By: William David “Dave” Powers, Ph.D., Deacon Candidate for the Diocese of Arlington
I started to discern a calling to the permanent diaconate around 1998 when I lived in Lansing, Kansas, while serving the inmates at the Lansing Correctional Facility. A small thought or idea began to grow into something more prominent as I prayed and asked God to help me sort it all out. When I inquired about a program in the Archdiocese of Kansas City, Kansas, I discovered that they did not have one at that time. My wife, Sue, and I moved to Stafford, Virginia, in 1999 for a job transfer and I spoke with the permanent deacon at St. William of York (Deacon Smith) to see if the Diocese of Arlington had a program. Deacon Smith said there was presently no formation program, but that the diocese was pondering starting one and for me to be patient.
Bishop Loverde reinstated the permanent diaconate program in 2006. I cannot describe the utter joy I felt when I received Bishop Loverde’s letter welcoming me into the program. Since my Deacon Aspirant period began almost five years ago (and the Deacon Candidate period began almost four years ago), I have met monthly with a spiritual director/confessor as well as with my mentor. I believe even more strongly now through this period of discernment and formation that the Holy Spirit is calling me to serve as a permanent deacon. I am very excited to be ordained, God willing, and I look forward to serving Christ and His people.
Once my fellow Diaconal Candidates and I were accepted into the program, we entered the discernment phase as aspirants and began the orientation sessions. The program consists of spiritual, theological and pastoral formation. There are 16 candidates in my class as of today, heading toward ordination.
Our preparation includes theological studies, handled by professors from Notre Dame Graduate School of Christendom College, and pastoral and spiritual formation handled by priests, deacons, and lay professionals from the diocese. En route to ordination, my classmates and I have been installed as Lectors and as Acolytes. I cannot begin to describe the graces I have received during this time and how grateful I am for the many dedicated people who have given their time and talents to our formation. Bishop Loverde has taken time out of his outrageous schedule to visit our class on a couple of occasions demonstrating his commitment to us and this program. Your Excellency, we are ever grateful to you.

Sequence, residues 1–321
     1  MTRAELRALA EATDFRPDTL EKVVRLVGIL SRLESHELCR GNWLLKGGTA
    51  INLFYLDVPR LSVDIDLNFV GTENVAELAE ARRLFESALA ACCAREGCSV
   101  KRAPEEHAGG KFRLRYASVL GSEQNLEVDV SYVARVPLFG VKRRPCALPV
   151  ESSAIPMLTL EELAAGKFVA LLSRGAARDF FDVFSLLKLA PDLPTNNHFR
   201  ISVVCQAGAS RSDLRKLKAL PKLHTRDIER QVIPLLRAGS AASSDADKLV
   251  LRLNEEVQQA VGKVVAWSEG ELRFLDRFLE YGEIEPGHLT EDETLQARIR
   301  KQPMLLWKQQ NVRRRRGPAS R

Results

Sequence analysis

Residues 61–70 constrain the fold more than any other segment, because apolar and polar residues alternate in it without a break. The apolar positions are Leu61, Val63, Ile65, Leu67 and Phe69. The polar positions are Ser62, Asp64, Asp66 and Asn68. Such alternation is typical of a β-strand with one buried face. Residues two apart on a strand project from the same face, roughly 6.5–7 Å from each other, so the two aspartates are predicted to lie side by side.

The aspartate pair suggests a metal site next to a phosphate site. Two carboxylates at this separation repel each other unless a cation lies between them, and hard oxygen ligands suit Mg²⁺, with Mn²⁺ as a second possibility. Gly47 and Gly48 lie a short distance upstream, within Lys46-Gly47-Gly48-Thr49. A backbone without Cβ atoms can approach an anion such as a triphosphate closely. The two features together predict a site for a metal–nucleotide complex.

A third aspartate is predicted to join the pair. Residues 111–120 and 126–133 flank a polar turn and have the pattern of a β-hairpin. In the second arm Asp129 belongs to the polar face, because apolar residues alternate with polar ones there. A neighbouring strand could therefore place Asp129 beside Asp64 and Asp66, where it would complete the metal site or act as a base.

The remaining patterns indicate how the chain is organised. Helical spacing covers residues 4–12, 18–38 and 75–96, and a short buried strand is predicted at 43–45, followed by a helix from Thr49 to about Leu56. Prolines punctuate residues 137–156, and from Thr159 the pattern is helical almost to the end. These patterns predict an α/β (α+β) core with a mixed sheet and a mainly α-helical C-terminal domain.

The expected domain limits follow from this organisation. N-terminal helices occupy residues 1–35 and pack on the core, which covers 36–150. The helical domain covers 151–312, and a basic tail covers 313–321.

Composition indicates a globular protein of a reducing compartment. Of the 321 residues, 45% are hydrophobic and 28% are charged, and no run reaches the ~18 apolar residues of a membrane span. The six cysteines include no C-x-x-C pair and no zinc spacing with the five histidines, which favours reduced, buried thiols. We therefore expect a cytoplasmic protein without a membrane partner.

Family support is a critical part of the vocation of deacon. My wife has supported me on this journey toward the diaconate by writing letters of support in the application process, by attending as many of the formation and theological classes as she can, by her loving critiques of my homilies in homiletics class, and by her continued service to our parish in the many ministries she is involved with. My children and grandchildren have all been encouraging and are praying for me throughout the process of discernment and formation.
Deacons are called to serve. As I look back over my life, I have been involved one way or another in the Church. In my youth, I served on the altar and assisted as a lector. Over the years, I’ve taught CCD, prepared soldiers for confirmation, served as president of the parish council, served (along with my wife) as a youth minister, and as the Grand Knight in the Knights of Columbus. I continue to serve as an Extraordinary Minister of Holy Communion and to conduct communion/prayer services for inmates in prison. My point in listing for you my involvement with the Church is not to say, “Look what I have done in my life.” Instead, it is to tell the readers who may think of applying to the program that you must be involved in the life of the Church so that you are more prepared to serve Her.
The permanent diaconate means, for me, an opportunity to serve God and our Holy Catholic Church through the graces of the Sacrament of Holy Orders. The deacon is one sent to serve the needs of the Church with direction from his bishop and the priest/pastor in the parish. I, if ordained a deacon in January 2011, will not continue to serve the Church the same way I do today. My service could be in any area depending upon the needs of the diocese and/or the parish to which I am assigned. I fully understand that the Sacrament of Holy Orders is permanent and that I must always conduct myself as a representative of God’s Holy Church in all my undertakings in family, professional and Church life.
The deacon is commissioned to “Receive the Gospel of Christ…believe what you read, teach what you believe, and practice what you teach.” Evangelization is the “heartbeat” of all a deacon is called to be and do. I promise to do all within my power, through the grace of God, to live up to that commission if the Holy Spirit accepts me, through the judgment of Bishop Loverde, as suitable for ordination. May God bless all who read this.
In Christ, Dave Powers